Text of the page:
Designing for the Expected Unexpected Forces of Nature

By Joseph Pubillones

September 12, 2020 4 min read

Because our nation is made up of people who have come from all around the world, all our homes are not alike, nor should we expect them to be. Generally, your ethnic background and culture dictate what things you like and what you consider comfortable. Add that to the fact that the climate of the United States is not the same all over; our houses are also built to suit the kind of weather they have to withstand. Much of the country, during the winter months, is covered with deep snow. It rains a great deal in other parts, and it is hot and humid in others. We have mountains and deserts and seacoasts and lakes, so it is no coincidence that our homes vary in design with the differences in location.

Although globalization and technology have made architecture and the process of construction rather uniform around the world, the effects of global warming subject our homes to everything from devastating hurricanes to earthquakes to yearly forest fires. The need to adapt our homes and buildings to have an adequate defense against the forces of nature is of utmost importance. Designing your home's exterior and interior to work together should be the main goal. Designers and architects can deliver innovative materials and solutions for everything from passive cooling for when the air conditioner doesn't work to vestibules and anti-spaces to control entry from the outside environment, including germs, into your home.

One of the fascinating aspects of almost any interior design project is making the overall design feel natural and responsive to the environment. The journey from interior to exterior often crosses an exciting threshold, which should be taken into account by the designer. It is essential for any design scheme to explore how the interior and exterior worlds meet and when the interior space is intended to flow and embrace the outdoor world. Sometimes, it might take the form of a beautiful iron gate; other times, it can be a striking heavy wood door, or even just an architectural detail such as a molding, that can demark this transition. In today's world, every architectural detail can and should perform a deliberate function rather than just an aesthetic one.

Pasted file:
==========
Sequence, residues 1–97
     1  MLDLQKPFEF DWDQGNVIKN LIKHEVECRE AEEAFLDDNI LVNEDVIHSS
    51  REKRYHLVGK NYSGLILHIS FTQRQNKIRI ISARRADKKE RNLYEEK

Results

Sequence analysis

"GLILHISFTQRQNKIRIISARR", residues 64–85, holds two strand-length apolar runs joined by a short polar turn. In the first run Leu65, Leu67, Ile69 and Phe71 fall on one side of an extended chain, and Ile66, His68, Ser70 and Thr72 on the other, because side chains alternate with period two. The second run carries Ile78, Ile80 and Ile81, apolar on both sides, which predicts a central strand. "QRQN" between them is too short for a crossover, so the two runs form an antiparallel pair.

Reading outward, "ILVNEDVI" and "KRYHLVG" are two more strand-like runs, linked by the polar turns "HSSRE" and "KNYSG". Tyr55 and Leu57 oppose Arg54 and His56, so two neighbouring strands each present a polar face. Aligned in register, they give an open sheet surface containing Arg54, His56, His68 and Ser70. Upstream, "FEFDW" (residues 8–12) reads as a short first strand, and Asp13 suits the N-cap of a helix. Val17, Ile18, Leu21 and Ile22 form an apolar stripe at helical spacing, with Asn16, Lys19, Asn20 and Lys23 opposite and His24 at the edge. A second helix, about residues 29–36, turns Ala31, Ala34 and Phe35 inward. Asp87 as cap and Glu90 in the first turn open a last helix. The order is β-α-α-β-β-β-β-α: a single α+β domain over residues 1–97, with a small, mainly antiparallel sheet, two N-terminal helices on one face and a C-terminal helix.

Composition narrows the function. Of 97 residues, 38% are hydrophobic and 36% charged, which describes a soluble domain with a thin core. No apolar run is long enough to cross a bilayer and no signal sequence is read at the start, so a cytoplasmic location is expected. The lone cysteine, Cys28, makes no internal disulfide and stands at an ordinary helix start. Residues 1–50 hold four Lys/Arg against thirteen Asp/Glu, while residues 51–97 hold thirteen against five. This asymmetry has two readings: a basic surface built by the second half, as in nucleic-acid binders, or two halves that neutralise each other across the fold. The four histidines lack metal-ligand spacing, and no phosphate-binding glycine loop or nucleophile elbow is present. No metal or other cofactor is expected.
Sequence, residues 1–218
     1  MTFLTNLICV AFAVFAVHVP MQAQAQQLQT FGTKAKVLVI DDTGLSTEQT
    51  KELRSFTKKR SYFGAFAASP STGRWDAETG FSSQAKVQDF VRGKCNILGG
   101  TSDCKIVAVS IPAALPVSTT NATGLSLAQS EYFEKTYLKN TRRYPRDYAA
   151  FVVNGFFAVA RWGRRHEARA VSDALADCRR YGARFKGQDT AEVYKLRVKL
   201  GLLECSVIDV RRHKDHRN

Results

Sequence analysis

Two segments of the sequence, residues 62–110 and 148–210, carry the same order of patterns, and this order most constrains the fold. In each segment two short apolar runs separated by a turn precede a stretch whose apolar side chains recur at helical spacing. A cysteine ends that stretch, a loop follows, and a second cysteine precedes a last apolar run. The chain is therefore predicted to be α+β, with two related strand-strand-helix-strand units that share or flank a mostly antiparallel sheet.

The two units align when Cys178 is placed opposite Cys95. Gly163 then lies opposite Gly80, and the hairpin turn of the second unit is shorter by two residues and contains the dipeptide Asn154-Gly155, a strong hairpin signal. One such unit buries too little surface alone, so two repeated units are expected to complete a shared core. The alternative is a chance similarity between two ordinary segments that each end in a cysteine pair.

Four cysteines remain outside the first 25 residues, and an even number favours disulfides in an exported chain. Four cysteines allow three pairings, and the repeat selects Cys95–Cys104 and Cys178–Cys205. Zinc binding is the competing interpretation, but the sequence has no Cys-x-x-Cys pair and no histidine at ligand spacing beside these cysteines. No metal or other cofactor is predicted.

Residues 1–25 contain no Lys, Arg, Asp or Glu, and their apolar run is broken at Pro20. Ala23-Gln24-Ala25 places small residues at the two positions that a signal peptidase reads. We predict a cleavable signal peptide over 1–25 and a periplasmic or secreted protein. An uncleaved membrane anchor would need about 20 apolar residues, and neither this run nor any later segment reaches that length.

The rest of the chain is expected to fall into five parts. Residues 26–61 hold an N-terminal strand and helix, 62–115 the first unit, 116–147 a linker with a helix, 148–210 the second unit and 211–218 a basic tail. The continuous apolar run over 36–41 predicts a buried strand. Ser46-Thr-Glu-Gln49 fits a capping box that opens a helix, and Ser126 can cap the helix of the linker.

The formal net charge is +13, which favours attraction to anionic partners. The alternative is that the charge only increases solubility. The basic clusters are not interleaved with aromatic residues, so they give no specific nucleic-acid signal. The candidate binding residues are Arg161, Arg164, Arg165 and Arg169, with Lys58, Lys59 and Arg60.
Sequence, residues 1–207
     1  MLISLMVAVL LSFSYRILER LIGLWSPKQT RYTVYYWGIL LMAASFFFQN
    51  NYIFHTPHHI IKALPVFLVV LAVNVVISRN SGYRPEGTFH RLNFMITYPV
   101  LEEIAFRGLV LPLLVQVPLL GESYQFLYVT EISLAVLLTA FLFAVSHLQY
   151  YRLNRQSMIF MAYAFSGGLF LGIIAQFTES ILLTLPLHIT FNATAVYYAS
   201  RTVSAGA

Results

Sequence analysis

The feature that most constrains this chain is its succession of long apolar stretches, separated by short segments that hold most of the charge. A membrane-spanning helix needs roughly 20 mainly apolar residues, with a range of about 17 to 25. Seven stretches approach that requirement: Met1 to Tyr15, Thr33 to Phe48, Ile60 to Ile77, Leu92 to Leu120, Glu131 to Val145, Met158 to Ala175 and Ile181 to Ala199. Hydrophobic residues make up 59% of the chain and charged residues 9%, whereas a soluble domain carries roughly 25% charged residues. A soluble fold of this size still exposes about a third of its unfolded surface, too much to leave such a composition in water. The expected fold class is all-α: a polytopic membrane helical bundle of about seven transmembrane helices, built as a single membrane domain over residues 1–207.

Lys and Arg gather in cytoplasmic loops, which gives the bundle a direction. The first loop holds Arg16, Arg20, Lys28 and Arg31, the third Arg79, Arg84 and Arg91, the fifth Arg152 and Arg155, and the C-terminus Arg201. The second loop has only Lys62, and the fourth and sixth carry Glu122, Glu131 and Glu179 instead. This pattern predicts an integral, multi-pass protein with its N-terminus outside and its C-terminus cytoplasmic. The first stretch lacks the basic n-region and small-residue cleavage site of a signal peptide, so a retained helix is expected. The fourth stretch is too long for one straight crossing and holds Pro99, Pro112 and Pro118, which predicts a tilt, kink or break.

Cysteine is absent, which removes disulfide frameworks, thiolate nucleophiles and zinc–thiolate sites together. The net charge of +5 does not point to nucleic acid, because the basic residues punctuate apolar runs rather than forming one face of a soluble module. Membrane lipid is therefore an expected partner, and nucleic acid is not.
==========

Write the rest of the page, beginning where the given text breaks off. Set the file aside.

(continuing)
Allowing nature to permeate throughout a home is yet another way to mitigate the effects of the world conditions as they are and as they worsen. Roofs can be designed to be green where needed and collect sun via solar panels. They can also be designed as cisterns to collect water.

Iron and glass gates can frame a view, but they can also close off a portion of the home that needs to be cooler than others. Moveable pergolas can filter the hot sun or protect a part of the home from torrential rains or burning embers. Thickened walls can serve to protect your interiors from supernatural winds. The future of architecture and interior design lies in solving the problems that are now expected from the unexpected forces of Mother Nature. Aesthetics are not the only concern. Design wisely, and prepare for the future.

Joseph Pubillones is the owner of Joseph Pubillones Interiors, an award-winning interior design firm based in Palm Beach, Fla. To find out more about Joseph Pubillones, or to read features by other Creators Syndicate writers and cartoonists, visit the Creators Syndicate website at www.creators.com.

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